High blood pressure, also known as hypertension, is widely known as “the silent killer” because people with the condition usually have no signs or symptoms. According to the National Health and Morbidity Survey in 2015, 30.3% of people aged above 18 have high blood pressure. That’s 1-in-3 people in Malaysia walking around with hypertension! Hereby highlights 4 steps you can take to control your blood pressure.

1. Check your blood pressure regularly
You should get your blood pressure checked at least once a year. How often a person should undergo screening for blood pressure ultimately depends on his health. For young adults, it is alright to undergo yearly screenings. For older adults, it is necessary to check their blood pressure more frequently. Common risk factors for high blood pressure include being overweight, eating lots of salty foods, smoking and a sedentary lifestyle.

2. More blood pressure readings lead to accurate diagnosis
It is tricky to measure blood pressure because it continuously rises and drops. For example, it is common for blood pressure to increase when a person is nervous, usually in a doctor’s clinic, otherwise known as “white-coat hypertension”. Several blood pressure readings over a period of time are usually needed to confirm that a person has high blood pressure. Currently, there are two standard methods to diagnose high blood pressure accurately. Home Blood pressure Monitoring (HBPM) uses an electronic machine to measure blood pressure over a 24-hour period using a specialized monitor. This digital monitor actively keeps logs of blood pressure readings throughout the monitoring period and is correlated with activity. HBPM and ABPM are more accurate as the person is more relaxed at home compared to the doctor’s clinic.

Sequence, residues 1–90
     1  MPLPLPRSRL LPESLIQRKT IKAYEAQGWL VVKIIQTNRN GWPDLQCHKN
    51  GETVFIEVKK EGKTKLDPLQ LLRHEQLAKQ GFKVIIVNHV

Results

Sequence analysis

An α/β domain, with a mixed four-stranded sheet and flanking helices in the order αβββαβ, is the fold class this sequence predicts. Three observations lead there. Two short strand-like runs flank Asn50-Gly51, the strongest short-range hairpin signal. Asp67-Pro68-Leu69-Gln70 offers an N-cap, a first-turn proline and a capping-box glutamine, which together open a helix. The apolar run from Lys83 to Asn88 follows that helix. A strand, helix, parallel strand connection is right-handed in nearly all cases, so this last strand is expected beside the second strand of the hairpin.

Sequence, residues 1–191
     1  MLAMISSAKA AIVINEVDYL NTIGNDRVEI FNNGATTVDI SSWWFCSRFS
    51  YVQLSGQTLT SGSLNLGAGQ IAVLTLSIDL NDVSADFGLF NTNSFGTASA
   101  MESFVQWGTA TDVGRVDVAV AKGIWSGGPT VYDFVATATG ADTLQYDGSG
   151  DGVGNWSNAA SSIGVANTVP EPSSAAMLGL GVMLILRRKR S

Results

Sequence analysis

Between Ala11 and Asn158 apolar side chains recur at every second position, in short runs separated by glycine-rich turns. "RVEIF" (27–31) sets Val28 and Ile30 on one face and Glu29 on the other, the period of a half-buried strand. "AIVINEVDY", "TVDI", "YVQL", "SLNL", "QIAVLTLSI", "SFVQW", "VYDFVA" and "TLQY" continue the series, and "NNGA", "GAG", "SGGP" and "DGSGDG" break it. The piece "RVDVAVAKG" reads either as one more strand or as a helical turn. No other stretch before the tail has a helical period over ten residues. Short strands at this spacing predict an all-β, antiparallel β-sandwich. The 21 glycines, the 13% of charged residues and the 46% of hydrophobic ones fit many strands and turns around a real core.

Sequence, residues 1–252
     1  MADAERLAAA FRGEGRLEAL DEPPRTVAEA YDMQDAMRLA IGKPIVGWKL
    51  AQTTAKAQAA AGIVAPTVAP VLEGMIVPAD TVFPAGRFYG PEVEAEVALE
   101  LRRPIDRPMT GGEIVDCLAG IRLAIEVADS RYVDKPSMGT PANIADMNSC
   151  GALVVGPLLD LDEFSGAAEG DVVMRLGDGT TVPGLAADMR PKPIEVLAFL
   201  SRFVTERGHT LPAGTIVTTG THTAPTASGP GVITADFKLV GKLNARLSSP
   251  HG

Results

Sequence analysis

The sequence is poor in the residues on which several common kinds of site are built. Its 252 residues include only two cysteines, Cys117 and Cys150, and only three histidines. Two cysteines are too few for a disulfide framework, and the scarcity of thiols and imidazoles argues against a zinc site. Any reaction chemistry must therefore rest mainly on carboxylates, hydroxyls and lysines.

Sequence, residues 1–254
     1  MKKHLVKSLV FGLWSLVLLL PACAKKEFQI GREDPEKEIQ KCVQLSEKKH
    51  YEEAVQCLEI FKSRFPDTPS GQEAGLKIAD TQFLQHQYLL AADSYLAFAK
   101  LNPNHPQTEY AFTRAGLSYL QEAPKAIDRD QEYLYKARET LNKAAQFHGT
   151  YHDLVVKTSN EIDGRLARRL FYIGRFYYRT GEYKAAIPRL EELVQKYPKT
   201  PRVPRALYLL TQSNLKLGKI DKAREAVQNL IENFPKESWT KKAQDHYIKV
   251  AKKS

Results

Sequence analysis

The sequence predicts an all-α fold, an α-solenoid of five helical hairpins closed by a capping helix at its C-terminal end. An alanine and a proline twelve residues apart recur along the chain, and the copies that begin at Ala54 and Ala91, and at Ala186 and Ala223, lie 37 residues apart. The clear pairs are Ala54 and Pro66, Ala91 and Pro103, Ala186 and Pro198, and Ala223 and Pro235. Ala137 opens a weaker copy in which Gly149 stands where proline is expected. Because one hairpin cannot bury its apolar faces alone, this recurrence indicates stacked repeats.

3. Go for upper arm cuffs
People who opt for home blood pressure monitors should choose devices with the cuff which should be worn on the upper arm. The cuff must fit properly to produce accurate readings. Finger and wrist monitors are not reliable because of inaccurate readings and the readings must be converted as the wrist blood pressure is different from that of upper arm blood pressure. Patients should consult with their doctor for suitable recommendations.

4. Practice a healthy lifestyle
It is important to adopt a healthy lifestyle to reduce your blood pressure. In fact, most patients need a combination of medication and lifestyle changes to lower their blood pressure. Doctors recommend using the DASH (Dietary Approaches to Stop Hypertension) diet consisting of mostly fruit, vegetables, and low-fat dairy products as well as moderate amounts of whole grains, fish, poultry, and nuts. One of the most important changes is to reduce the intake of salt to 230mg of sodium or about a teaspoon a day. Another important change is to reduce the BMI (body mass index) to below 25 (23 for Asians). Weight loss can help reduce blood pressure and go a long way in improving a patient’s life. Weight loss is usually achieved with a combination of diet and exercises such as brisk walking. Stress management and enough sleep also help to lower your blood pressure.